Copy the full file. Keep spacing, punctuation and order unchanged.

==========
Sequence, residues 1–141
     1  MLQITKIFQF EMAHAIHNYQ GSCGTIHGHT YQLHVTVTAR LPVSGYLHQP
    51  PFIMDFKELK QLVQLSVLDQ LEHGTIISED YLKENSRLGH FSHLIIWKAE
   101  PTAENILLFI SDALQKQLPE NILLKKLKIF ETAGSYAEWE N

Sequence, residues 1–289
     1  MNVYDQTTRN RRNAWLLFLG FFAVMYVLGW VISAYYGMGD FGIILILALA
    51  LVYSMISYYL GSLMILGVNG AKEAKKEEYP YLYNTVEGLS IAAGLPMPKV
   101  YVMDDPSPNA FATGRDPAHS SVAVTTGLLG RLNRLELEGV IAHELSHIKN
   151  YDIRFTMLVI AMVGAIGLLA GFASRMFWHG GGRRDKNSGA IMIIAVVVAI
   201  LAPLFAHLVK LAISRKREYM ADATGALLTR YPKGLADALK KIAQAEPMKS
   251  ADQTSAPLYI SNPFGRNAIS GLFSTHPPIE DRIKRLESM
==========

Sequence, residues 1–141
     1  MLQITKIFQF EMAHAIHNYQ GSCGTIHGHT YQLHVTVTAR LPVSGYLHQP
    51  PFIMDFKELK QLVQLSVLDQ LEHGTIISED YLKENSRLGH FSHLIIWKAE
   101  PTAENILLFI SDALQKQLPE NILLKKLKIF ETAGSYAEWE N

Sequence, residues 1–289
     1  MNVYDQTTRN RRNAWLLFLG FFAVMYVLGW VISAYYGMGD FGIILILALA
    51  LVYSMISYYL GSLMILGVNG AKEAKKEEYP YLYNTVEGLS IAAGLPMPKV
   101  YVMDDPSPNA FATGRDPAHS SVAVTTGLLG RLNRLELEGV IAHELSHIKN
   151  YDIRFTMLVI AMVGAIGLLA GFASRMFWHG GGRRDKNSGA IMIIAVVVAI
   201  LAPLFAHLVK LAISRKREYM ADATGALLTR YPKGLADALK KIAQAEPMKS
   251  ADQTSAPLYI SNPFGRNAIS GLFSTHPPIE DRIKRLESM